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Thom, remember : dreams and nostalgia are never as good as we remember or hope. The RISCOS is pretty crappy by today's standards. This is coming from a hardcore user that also owned hardware and did a lot of coding in BASIC for it in his school days. Edited 2012-07-13 08:45 UTC
What is the reasoning behind your statement?
And what are "todays standards"?
RISC OS surely has its downsides, especially on a technology level (Filesystems, media handling, modules and module handling), but things are (slowly) improving here.
If I compare the current RISC OS alpha image to every available Linux image (yes, even those with armhf) I can't help to notice that RISC OS is the fastest OS on the Pi.
I tend to question the sanity behind "todays standards". No offense ment here, I sold my RISC PC for a 486 to run Linux on back in the days. But the development of Linux and Open Source went into the wrong direction years ago.
Modern GUIs such as Gnome and KDE become more and more bloated with every new release, which is even true for XFCE -- and it was invented to counter bloat in the first place w/o adding any real benefit or usability.
So, steadily the requirements increased, leaving behind older Hardware, requiring regular updates.
Dependencies are a mess nowadays, just try to setup a clean system from source w/o dbus, libsmbfs etc.
Lets not forget the users -- not us tech savvy folks who know the command line by heart -- but those people who turn on their computer to just get their things done. They don't understand why their desktop changes after an update, they expect their GUI to remain as it is, because they're happy with it.
They don't need a new theme every once in a while, or menus moving around at seemingly random (Firefox, for example).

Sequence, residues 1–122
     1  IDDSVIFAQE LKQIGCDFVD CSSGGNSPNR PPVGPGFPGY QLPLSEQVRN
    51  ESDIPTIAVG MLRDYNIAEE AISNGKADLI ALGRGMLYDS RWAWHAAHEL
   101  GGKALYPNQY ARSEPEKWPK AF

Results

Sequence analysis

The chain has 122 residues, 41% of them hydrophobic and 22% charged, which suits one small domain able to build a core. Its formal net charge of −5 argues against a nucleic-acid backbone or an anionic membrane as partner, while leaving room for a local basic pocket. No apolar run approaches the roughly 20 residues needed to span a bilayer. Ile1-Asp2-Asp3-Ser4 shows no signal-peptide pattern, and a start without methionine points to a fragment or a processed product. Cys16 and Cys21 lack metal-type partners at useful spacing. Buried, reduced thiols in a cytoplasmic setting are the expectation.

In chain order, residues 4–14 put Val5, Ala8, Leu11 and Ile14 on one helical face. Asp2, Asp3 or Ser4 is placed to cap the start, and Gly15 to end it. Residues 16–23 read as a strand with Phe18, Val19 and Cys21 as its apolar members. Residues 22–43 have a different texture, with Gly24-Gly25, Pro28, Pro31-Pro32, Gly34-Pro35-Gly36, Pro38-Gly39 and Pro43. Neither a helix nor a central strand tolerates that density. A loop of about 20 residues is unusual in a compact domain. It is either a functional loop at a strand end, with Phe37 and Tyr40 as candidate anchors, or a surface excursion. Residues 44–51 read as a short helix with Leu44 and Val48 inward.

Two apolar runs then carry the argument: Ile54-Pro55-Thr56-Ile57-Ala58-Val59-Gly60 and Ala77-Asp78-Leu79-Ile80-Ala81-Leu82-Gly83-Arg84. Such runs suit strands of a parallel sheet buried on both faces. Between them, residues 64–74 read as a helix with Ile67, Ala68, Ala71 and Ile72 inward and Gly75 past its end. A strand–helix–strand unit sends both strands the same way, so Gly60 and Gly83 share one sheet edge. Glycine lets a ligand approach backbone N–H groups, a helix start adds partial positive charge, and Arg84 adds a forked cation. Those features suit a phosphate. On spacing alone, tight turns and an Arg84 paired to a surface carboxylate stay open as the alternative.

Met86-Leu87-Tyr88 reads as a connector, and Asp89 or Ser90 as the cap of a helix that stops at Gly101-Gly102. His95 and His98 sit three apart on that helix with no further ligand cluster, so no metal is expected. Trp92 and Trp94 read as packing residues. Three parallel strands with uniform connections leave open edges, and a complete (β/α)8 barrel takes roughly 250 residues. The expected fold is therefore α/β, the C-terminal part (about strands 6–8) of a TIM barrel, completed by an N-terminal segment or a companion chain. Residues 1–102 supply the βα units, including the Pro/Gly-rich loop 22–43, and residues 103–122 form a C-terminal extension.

That being said RISC OS is the userfriendliest OS I've ever seen, because Acorn was probably the first company to define binding style guides (with Apple taking a close second place). The WIMPs features are implemented consistently throughout the entire system (drag and drop, the use of the mouse, menus).
RISC OS applications open windows that give most of their space to contents (e.g. data the user wants to edit), presenting their functionality by pressing middle mouse button.
For me, RISC OS still has one of the best GUIs ever invented, and it certainly has its uses. That's why I fell in love with RaspPi, and I hope that RISC OS development and user base will gain some momentum now.
Fast != better.
ReactOS is faster than XP, but its definatly not bettter
You say people turn on their computers to "get things done", yet complain that features that enable getting things done are "bloat". dbus is tiny and enables processes to talk to each other. Would it be better for each application to implement it on its own? Of course not. Apps depend on it because they need it, just like applications written for RISC OS depend on features of the RISC OS. The only reason why you don't experience dependencies as a "mess" there is only because you don't attempt to rip out core OS features of a closed-source OS.
As for UIs changing between releases, that happened with RISC OS as well. If you don't want change, don't change. But you can't really use RISC OS as your primary platform today.
I'd agree with you that RISC OS has a fantastic user interface. When it was released it was far ahead of its time, making Mac OS and Windows look hopelessly primitive in comparison. In my opinion it's still much more elegant and productive than Windows, Mac OS X, or any Linux GUI.
Having said that, the underlying OS really is showing its age. It was decent enough back when it was competing with Mac System 7 and Windows 3.1, and it's certainly lightning fast, but we're no longer using computers with 25Mhz CPUs and 1Mb RAM. It's usable, in the same way that Windows 98 or Mac OS 9 are still usable, but it's very much an OS of the past, not the future.
LINUX desktop is a can of worms. Best not travel that one.
But RISCOS is dated and shows its age. Seriously. I liked it at the time. Hell, I liked NextSTEP attge time, actually preferred it. But times change.